I thought I’d take a wee break from my self-imposed blogging and social media embargo to let everyone know I’m still here. I’ve really missed reading posts and being on Facebook, but have to admit it has freed up a lot of time for Secret Dumfries.
I’ve still a lot to do so after this it’ll be head down and crack on. The finishing line is in sight – has to be as the deadline is fixed.
Anyway, I thought I’d share a few little snippets from the chapters I’ve been writing. One chapter called ‘Hidden in plain sight’ is about the Whitesands along the River Night which runs through Dumfries.
Walking on from the kinetic hangings and the curved railings beyond the Devorgilla Bridge, we come to Matt Baker’s granite sculpture of Lady Devorgilla. Many people must walk past without realising a sculpture is on the river side of the wall beside a flight of steps. She is set into the sandstone wall, looking across the river. The figure was inspired by Lady Devorgilla Baillol who reputedly had the first wooden bridge across the bridge built in the thirteenth century.
She was the daughter of Alan, Lord of Galloway and married John Balliol when she was only 13. In her own right she was a wealthy and powerful woman. Although her husband founded Balliol College, Oxford (for poor scholars) she made a permanent endowment to the college to secure its future. She also founded Greyfriars Monastery in Dumfries. On the death of her husband she established a Cistercian Monastery at New Abbey, a few miles from Dumfries. She had his heart embalmed and carried it with her in an ivory casket. When she died she was buried at the abbey church she had founded, with her husband’s heart beside her. Is this a romantic tale, or is carrying your dead husband’s heart around a bit weird? The monks clearly decided on romantic, calling the abbey Dulce Cor, meaning sweet heart.
Now, carved in granite from salvaged harbour kerbs, Devorgilla stands gazing serenely across the caul. When the River Nith floods, which it does frequently, the sculpture is partially submerged and becomes part of the river in a powerful way.
Originally, a second part of Matt Baker’s installation was situated on the other side of the river. It was a translucent etching of a woman about to cross the river, laminated in glass with an oak frame. She was there for nine years before being destroyed, in 2007, by spring floods.
I heard the story of William Peck while on a tour of St Michael’s Churchyard – you meet such interesting characters in graveyards – I knew we had to use it in the book. The tour was conducted by the Mostly Ghostly team, best described as a combination of ghostbusters and local history guides.
William Peck was not a native of Dumfries but he died in the town and is buried in St Michael’s churchyard, in the military corner to the left of the entrance. The words on his flat gravestone are scarcely legible now and don’t give much hint of the incredible story behind them. It reads: ‘In memory of William Peck, Esquire, late Surgeon of the King’s Own or 4th Regiment of Foot, a man of amiable character and good dispositions, eminent and useful in his profession. He deceas’d at Dumfries the 11th day of January 1769, in the 52nd year of his age. This monument is erected by Robert Riddick, Esq. of Corbeton, as a testimony of friendship, and in gratitude for valuable professional services.’Robert Riddick had good reason to feel gratitude for William Peck’s professional services. Mrs Riddick had a serious problem with her leg, described as a ‘dangerous malady’ which none of the physicians she consulted was able to alleviate. One night she dreamed that someone saved her life by amputating her leg. In the morning she told her husband of her dream and described the man who had carried out the surgery. Some weeks after this, the King’s Own Regiment or 4th Regiment of the Foot came to Dumfries and crowds lined the street to watch them march through. Amongst the crowd were Mr and Mrs Riddick and she recognised William Peck as the man who had appeared in her dream. Her husband approached the surgeon who agreed to examine Mrs Riddick’s leg.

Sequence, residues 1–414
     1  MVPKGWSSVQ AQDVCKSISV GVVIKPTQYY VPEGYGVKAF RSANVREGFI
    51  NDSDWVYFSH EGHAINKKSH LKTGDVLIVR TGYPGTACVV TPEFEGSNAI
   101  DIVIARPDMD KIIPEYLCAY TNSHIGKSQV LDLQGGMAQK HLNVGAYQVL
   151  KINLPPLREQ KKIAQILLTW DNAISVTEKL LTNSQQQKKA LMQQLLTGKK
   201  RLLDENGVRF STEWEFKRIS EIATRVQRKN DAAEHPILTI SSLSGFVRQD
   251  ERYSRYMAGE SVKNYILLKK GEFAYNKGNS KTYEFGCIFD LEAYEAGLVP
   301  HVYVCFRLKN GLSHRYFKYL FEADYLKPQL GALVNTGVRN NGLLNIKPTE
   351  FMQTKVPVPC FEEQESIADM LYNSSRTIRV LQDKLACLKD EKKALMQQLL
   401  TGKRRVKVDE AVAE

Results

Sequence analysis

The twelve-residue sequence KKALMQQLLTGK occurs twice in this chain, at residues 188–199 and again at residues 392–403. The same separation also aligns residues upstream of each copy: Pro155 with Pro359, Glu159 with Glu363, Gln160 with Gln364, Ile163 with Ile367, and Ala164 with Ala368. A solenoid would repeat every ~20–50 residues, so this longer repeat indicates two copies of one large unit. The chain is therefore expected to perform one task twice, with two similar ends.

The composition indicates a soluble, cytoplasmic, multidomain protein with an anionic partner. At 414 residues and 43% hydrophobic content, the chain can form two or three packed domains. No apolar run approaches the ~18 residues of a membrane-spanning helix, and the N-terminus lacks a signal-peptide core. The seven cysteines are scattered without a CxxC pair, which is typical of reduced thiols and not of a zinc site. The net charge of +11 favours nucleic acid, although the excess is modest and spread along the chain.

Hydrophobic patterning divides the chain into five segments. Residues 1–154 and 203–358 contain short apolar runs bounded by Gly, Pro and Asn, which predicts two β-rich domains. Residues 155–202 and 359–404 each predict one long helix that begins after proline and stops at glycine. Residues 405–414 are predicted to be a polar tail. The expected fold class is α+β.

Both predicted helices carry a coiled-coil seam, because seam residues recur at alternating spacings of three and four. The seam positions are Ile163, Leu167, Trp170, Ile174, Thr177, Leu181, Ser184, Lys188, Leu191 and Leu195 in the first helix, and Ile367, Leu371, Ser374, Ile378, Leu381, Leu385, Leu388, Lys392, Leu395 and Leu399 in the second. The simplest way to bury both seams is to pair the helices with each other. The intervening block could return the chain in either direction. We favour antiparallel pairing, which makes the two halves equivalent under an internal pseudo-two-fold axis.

As in her dream, the only solution was to amputate. She must have been in agonising pain to undergo such treatment. This was in the 18th century, before anaesthetic was available and when the risk of dying from infection following any surgical procedure was extremely high. The surgery was successfully carried out; Mrs Riddick survived and went home restored to health.
Some years later, Mr Peck, still serving with the regiment, took ill and, hoping a change of air would aid his recovery, returned to Dumfries to visit his friends the Riddicks. Here he died and was buried in St Michael’s under the monument erected by a grateful Mr Riddick.
Secret Dumfries will be published in mid-June. Better get back to it.